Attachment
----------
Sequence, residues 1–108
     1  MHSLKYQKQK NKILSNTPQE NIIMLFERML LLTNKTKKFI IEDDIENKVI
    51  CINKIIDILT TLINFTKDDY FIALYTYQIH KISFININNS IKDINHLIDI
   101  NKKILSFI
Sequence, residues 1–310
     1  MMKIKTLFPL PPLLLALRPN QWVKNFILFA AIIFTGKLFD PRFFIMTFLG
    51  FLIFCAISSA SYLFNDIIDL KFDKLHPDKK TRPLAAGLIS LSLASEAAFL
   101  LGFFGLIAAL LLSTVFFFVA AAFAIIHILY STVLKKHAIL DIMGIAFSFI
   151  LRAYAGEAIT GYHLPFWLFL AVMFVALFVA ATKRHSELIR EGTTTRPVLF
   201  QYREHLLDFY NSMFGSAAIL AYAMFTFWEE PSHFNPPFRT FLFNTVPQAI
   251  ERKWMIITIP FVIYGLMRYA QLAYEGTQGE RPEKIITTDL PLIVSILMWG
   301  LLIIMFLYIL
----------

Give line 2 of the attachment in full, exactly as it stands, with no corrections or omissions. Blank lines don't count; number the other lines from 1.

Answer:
     1  MHSLKYQKQK NKILSNTPQE NIIMLFERML LLTNKTKKFI IEDDIENKVI